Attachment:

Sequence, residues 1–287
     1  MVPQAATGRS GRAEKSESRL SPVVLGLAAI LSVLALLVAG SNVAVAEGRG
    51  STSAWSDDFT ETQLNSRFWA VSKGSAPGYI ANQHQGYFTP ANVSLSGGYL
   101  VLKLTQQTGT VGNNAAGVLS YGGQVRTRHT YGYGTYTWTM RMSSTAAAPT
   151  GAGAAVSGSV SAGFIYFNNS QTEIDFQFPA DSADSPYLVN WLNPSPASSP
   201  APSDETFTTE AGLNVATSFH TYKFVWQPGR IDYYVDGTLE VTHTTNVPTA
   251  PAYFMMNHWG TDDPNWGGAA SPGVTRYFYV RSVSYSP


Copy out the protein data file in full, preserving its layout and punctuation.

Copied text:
Sequence, residues 1–287
     1  MVPQAATGRS GRAEKSESRL SPVVLGLAAI LSVLALLVAG SNVAVAEGRG
    51  STSAWSDDFT ETQLNSRFWA VSKGSAPGYI ANQHQGYFTP ANVSLSGGYL
   101  VLKLTQQTGT VGNNAAGVLS YGGQVRTRHT YGYGTYTWTM RMSSTAAAPT
   151  GAGAAVSGSV SAGFIYFNNS QTEIDFQFPA DSADSPYLVN WLNPSPASSP
   201  APSDETFTTE AGLNVATSFH TYKFVWQPGR IDYYVDGTLE VTHTTNVPTA
   251  PAYFMMNHWG TDDPNWGGAA SPGVTRYFYV RSVSYSP